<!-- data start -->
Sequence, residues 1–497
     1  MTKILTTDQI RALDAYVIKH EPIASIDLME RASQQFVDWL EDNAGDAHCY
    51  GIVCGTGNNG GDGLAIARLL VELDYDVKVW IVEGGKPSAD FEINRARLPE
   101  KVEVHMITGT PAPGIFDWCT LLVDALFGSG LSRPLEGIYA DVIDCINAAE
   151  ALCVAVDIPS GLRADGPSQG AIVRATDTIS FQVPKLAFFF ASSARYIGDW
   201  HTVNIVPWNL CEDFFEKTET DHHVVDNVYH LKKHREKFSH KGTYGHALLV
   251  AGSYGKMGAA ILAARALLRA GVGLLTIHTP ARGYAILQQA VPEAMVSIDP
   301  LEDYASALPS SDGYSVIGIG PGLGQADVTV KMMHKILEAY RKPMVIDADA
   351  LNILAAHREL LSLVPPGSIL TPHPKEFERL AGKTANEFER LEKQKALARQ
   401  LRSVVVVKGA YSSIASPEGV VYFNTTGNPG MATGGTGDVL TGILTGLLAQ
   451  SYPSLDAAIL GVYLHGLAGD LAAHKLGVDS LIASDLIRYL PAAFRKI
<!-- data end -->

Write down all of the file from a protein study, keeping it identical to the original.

Sequence, residues 1–497
     1  MTKILTTDQI RALDAYVIKH EPIASIDLME RASQQFVDWL EDNAGDAHCY
    51  GIVCGTGNNG GDGLAIARLL VELDYDVKVW IVEGGKPSAD FEINRARLPE
   101  KVEVHMITGT PAPGIFDWCT LLVDALFGSG LSRPLEGIYA DVIDCINAAE
   151  ALCVAVDIPS GLRADGPSQG AIVRATDTIS FQVPKLAFFF ASSARYIGDW
   201  HTVNIVPWNL CEDFFEKTET DHHVVDNVYH LKKHREKFSH KGTYGHALLV
   251  AGSYGKMGAA ILAARALLRA GVGLLTIHTP ARGYAILQQA VPEAMVSIDP
   301  LEDYASALPS SDGYSVIGIG PGLGQADVTV KMMHKILEAY RKPMVIDADA
   351  LNILAAHREL LSLVPPGSIL TPHPKEFERL AGKTANEFER LEKQKALARQ
   401  LRSVVVVKGA YSSIASPEGV VYFNTTGNPG MATGGTGDVL TGILTGLLAQ
   451  SYPSLDAAIL GVYLHGLAGD LAAHKLGVDS LIASDLIRYL PAAFRKI